The possibility of a small state prison being built in Antioch is drawing strenuous objections from city leaders, who used such words as "crazy" and "devastating" in voicing their opposition Wednesday.

Mayor Donald Freitas said he would propose a formal resolution opposing any attempt to build a detention facility in his city.

"This is a no-brainer," he said. "With the increase in crime we've seen, the last thing we need is a jail. ... It would be located near high schools, residences, proposed businesses. The whole thing just seems very convoluted."

County supervisors voted Tuesday to explore selling one of five properties to the state for a 500-bed "re-entry facility" where inmates who used to live in Contra Costa would receive career counseling, housing assistance and other services before release.

One of the five sites is a 16-acre plot a mile south of Deer Valley High School. Compared with other possible sites near the Marsh Creek Detention Facility east of Clayton, the intersection of Interstate 80 and Cummings Skyway in Rodeo and two plots of land near the Benicia Bridge, the Antioch locale is the one closest to residential housing.

Councilman Arne Simonsen said building a prison in Antioch would be "devastating."

"It's totally opposite to what the general plan calls for in that area," Simonsen said, adding that the city is hoping to build high-end housing on the land. "I don't think the county proposal takes into consideration what impacts it would have on surrounding areas."

Antioch is struggling to restore an image battered by a slumping housing market and a spike in violent crime. City officials have taken aggressive steps to stem neighborhood blight and quell the problem of rowdy juveniles.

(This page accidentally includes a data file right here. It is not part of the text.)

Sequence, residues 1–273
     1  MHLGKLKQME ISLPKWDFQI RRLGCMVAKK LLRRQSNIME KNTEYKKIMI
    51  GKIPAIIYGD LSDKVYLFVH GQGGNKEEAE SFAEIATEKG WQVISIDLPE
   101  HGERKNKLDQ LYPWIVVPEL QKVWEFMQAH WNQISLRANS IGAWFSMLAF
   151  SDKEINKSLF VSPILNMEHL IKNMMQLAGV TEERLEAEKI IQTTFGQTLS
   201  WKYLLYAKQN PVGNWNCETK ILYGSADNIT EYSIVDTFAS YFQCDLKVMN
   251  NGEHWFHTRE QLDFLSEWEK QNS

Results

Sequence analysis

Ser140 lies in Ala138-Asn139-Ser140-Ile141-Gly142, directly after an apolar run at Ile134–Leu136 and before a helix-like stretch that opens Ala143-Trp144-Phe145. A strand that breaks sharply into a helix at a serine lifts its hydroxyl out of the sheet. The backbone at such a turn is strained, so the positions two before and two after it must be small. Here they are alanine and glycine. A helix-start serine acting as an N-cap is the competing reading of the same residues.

Councilman Jim Davis said that as far as he's concerned the county only has four sites to consider, explaining that Antioch is simply not an option.

"It will not happen," he said. "We'll fight; we'll protest; we'll demonstrate; we'll do whatever it takes."

Councilman Reggie Moore summarized the plan as "crazy" and said a prison would only hurt the city's quality of life, while Councilman Brian Kalinowski argued that a prison did not adhere to the image Antioch is trying to build.

In a letter to city officials Tuesday, District V Supervisor Federal Glover voiced "strong opposition to placing a prison in Antioch or in any location in Contra Costa County."

"Please know that as this issue goes before the County Board of Supervisors for a vote on March 11th," Glover wrote, "I will vigorously oppose the proposal and will work strongly to defeat it as an option for any future prison or detention facility."

At Tuesday's supervisor meeting, however, Glover did not raise objections to the plan and voted with the other supervisors to explore the possibility of selling one of the five locations to the state.

He did not return a call Wednesday afternoon seeking further comment.

"We need to be sure our supervisor (Glover) can get the other two votes necessary to kill this proposal from ever seeing the light of day," Freitas said.

Simon Read covers Antioch. Reach him at 925-779-7166 or sread@bayareanewsgroup.com.